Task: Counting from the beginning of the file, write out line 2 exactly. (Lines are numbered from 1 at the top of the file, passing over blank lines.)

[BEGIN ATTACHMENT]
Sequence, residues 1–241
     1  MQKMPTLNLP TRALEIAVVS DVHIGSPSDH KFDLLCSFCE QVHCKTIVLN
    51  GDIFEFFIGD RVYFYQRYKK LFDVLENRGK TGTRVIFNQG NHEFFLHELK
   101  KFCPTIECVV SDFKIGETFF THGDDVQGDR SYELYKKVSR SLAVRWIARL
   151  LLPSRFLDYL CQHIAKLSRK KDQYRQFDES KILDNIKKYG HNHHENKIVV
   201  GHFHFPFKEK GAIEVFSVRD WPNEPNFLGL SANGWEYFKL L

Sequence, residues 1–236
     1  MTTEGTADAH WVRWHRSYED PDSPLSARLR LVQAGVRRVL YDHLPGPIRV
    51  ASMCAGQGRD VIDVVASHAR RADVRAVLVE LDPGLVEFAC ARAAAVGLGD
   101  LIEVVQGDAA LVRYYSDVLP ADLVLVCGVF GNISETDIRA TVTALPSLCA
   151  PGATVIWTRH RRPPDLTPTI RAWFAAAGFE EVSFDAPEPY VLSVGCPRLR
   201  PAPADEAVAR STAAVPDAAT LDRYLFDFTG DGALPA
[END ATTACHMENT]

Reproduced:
     1  MQKMPTLNLP TRALEIAVVS DVHIGSPSDH KFDLLCSFCE QVHCKTIVLN